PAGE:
Steve Washuta: I was gonna say in my previous position, I had a 401k that was matched up to 4%. And you know, that’s, that’s wherein the fitness industry, people typically do not do that. But can you explain why that compounding is so important for long-term retirement?
Pat Darby: Yes, so if your company is matching you, that’s basically free money. So that’s usually one of the first places if you’re deciding like the hierarchy if you can only put so much money away into your future. Where do you put it, like which buckets you fill up first, because there’s so many you can choose from? And that’s typically one of the first questions we would ask a client is, what is your employer if you have an employer, you’re not self-employed? What are they matching, because, again, if you’re planning to put money into one of these vehicles Anyway, take the one where again, if you’re putting in 10,000.
Just to keep the math simple, if you’re putting in 10,000, for every 10, you put in your employer’s putting in 4000, that’s $4,000, that’s free money. And that’s yours forever, assuming you invest into it because most employers will have some sort of vesting schedule, meaning that it’s not your money until you’re there for X number of years. People may be familiar with that concept. Again, you usually have to check with your HR to get the details of what you need to do to earn that money, and then, more importantly, invest in it. But yeah, maxing out what your employer’s giving you for free, is probably the easiest thing you can do to maximize your retirement outcome. If you’re self-employed, that matching component becomes a tax strategy.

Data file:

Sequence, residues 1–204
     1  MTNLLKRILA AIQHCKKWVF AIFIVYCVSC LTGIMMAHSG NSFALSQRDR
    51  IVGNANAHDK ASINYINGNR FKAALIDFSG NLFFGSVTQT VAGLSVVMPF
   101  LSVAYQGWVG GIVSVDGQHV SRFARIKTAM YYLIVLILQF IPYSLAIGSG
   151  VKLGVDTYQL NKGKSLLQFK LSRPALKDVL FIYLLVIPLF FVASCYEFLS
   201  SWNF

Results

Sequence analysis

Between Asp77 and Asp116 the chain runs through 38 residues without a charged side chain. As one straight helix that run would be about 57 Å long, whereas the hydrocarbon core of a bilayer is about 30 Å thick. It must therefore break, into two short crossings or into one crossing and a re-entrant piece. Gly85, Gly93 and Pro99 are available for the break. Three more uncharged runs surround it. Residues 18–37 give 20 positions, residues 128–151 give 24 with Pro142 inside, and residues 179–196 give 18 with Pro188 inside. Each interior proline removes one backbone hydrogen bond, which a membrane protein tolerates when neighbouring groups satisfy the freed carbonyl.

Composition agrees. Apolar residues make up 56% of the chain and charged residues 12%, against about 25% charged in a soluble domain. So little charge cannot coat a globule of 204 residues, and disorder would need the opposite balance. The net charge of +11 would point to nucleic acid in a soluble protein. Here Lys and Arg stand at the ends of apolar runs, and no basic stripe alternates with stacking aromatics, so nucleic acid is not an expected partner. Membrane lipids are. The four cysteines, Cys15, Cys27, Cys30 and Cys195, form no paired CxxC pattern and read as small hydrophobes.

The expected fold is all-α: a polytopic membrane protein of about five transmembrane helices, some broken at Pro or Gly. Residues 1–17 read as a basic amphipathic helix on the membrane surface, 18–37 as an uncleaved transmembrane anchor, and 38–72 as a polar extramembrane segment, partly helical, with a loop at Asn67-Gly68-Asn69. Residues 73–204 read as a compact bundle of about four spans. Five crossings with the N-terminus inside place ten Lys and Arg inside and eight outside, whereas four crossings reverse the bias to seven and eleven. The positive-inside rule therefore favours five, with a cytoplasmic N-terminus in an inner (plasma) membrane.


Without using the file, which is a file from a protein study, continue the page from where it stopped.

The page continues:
Because what you match for yourself like air, quote, match for yourself, basically becomes an expense of the business, which helps you lower your tax rate. So whether you work for someone else, or you’re strategically doing it for yourself, there’s a lot of tax strategies to help fund your retirement and lower your taxes, which obviously increases what you can put towards yourself.
Steve Washuta: That’s great information. And I just want to add something to that for trainers who are thinking about or hoping that they have an employer who will do something like that it’s very rare in the industry, you’re not going to find it at your box gyms, where you will find it typically is in more of your country club type atmospheres.
So if you go into these private clubs, personal trainers, these private clubs will sometimes do that and match and provide you with a 401k But you know, you have to seek these things out. It’s not in your traditional fitness jobs. So just understand that that’s not standard, but it certainly likes patchstick point it’s money that’s important. So it’s really advantageous for you to seek out, those jobs in those locations.
Pat Darby: If you’re working at one of those gyms, and they do offer a match. Ask them if they have what’s called a Roth 401k option. Those are becoming more popular, especially if you’re fairly new to the fitness industry. If your income is lower That means your tax brackets are lower as well. Putting money into a Roth 401k might be really helpful for you to ask, not every company is going to offer that.